A substantial number of e-mails in one twenty-four hour period from new readers, who have made it known that they will no longer do business with a newspaper in the State of Colorado because the editor has stated that anyone who does not accept sexual depravity, deviancy, and perversion is not a good Christian.


The wildfire season in the State of Colorado arrived with force and fury, and many men and women are working around the clock to fight them and put them out.

A fire started by a lightning strike is a natural event. A fire caused by someone flicking a cigarette or leaving a marijuana joint burning is not.

Coloradans respect the place they choose to call home. Show your respect by not flicking a butt and by openly thanking those who give so much, including their personal safety and well-being in fighting fires in Colorado.


A candidate running for the governorship of the State of Colorado recently admitted that he did not pay any income tax for 2001 through 2005.

Expect the news media in the State of Colorado to overlook this and his desire to repeal tax cuts and increase taxes on Coloradans because of his political affiliation and his sexual orientation.


June 21, 2018 is Father’s Day. Fathers can ride The Fort Collins Trolley for free:



The Greeley Stampede, considered by many to be the premiere summer event of Colorado, runs June 22, 2018 through July 4, 2018. For more information:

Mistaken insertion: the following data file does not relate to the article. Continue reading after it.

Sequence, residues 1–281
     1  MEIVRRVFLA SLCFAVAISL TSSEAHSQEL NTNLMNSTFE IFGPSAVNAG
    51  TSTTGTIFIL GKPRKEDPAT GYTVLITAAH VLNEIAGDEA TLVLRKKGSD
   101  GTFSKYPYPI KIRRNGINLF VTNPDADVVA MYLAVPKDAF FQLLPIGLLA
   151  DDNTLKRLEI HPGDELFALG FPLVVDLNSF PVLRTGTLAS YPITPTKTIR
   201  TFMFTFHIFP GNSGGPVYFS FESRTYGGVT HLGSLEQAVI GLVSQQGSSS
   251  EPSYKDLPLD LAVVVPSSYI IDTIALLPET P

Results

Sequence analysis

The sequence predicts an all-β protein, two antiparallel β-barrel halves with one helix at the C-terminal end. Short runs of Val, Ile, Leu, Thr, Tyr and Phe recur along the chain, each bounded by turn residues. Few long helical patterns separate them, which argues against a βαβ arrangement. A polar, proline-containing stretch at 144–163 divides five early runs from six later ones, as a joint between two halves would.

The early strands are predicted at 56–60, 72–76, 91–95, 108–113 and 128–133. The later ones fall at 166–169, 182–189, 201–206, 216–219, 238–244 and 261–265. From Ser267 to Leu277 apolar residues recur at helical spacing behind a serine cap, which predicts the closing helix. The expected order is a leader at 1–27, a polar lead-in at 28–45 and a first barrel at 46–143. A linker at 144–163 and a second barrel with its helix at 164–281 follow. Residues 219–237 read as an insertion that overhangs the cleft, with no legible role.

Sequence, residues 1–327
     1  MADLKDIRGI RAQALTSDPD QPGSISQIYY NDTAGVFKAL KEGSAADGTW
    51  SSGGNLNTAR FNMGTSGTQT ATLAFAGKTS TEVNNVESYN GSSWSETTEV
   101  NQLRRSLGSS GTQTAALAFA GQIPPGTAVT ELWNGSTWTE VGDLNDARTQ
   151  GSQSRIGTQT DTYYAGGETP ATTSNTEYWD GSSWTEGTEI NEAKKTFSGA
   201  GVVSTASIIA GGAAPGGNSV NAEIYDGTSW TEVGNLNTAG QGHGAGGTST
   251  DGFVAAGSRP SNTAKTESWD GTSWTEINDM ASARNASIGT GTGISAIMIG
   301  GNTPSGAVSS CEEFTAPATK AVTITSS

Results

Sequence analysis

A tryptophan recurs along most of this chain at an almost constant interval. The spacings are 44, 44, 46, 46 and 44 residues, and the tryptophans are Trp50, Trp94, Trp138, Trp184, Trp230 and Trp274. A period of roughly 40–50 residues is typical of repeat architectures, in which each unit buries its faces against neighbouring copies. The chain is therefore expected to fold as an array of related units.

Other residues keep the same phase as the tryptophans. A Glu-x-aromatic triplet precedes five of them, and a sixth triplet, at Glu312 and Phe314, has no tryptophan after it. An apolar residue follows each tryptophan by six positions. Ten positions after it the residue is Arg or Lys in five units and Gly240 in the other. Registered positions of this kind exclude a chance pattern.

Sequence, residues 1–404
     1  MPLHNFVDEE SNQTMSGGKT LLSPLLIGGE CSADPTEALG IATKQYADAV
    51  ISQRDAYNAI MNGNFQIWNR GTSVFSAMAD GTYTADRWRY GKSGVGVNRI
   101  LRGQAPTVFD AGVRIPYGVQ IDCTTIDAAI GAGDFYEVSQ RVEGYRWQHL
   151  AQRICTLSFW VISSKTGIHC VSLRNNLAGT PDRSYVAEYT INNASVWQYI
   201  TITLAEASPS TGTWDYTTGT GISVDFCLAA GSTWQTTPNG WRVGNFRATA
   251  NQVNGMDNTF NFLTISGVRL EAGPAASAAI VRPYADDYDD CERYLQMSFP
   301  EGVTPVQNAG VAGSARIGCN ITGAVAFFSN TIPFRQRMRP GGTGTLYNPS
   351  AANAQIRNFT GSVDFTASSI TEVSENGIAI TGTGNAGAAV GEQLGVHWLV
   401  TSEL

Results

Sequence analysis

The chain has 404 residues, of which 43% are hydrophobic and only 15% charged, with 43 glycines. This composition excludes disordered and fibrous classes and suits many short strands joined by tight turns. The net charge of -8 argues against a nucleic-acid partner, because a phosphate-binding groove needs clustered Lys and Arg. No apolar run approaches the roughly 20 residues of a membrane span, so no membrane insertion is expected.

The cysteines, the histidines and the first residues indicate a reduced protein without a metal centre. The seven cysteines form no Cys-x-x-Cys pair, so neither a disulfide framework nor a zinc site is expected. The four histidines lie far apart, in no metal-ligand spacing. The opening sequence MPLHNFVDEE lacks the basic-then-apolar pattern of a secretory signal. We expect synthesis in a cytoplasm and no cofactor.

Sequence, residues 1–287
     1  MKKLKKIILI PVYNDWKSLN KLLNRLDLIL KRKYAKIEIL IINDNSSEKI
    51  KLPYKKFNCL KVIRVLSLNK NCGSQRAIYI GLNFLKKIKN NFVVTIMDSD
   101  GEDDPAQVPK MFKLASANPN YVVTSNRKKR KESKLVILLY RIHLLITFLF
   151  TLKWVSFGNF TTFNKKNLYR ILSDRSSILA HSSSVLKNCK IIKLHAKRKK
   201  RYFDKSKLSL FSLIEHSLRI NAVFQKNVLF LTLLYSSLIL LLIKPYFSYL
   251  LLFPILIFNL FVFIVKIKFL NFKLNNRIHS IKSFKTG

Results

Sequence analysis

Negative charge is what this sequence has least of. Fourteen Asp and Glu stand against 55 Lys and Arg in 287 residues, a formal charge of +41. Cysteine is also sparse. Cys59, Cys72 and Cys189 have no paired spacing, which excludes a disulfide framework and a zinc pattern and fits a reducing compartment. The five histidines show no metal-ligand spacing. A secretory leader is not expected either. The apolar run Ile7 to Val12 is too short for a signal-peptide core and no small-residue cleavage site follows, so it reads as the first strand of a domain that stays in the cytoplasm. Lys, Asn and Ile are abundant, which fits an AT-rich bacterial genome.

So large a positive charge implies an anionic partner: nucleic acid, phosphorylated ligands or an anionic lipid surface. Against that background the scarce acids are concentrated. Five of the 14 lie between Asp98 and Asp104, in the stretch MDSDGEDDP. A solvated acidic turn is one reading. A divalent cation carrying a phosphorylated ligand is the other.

The Never Summer Rodeo, in Walden, CO., runs June 22, 2018 through June 24, 2018. For more information:



The 87th Annual Donkey Derby Days, in Cripple Creek, CO., take place June 22, 2018 through June 24, 2018. For more information:



With a trade war between the United States of America and China pending the opportunity to buy America-made goods and products from the State of Colorado is here, and now.


Finally, to those who acknowledged and honored the intent of Flag Day and the events that transpired on D-Day: Thank you for respecting the significance of what each occasion means and must mean for all time.

The failure on the part of much of the news media in the State of Colorado to do so goes beyond a simple insult, but given that so few in the news media in Colorado served or serve their lack of respect for the men and women of the United States of America Armed Forces should be expected.

A Voice of Colorado Version 2018 No. 507

The City of Boulder finds itself in a position some would describe as “unfortunate”. It is a circumstance that is unnecessary and does not merit sympathy because of the financial mismanagement on the part of city leaders: The City of Boulder is experiencing a financial shortfall of more than four million dollars, initiated by declining sales tax revenues within the city borders. Sales tax revenues are down as more and more people live and work outside of Boulder because of the tax burden in place. The burden has become a deficit.

According to experts working for the City of Boulder the shortfall is expected to grow in coming years, and the reduction in the related revenues are expected to affect services provided by the city to residents.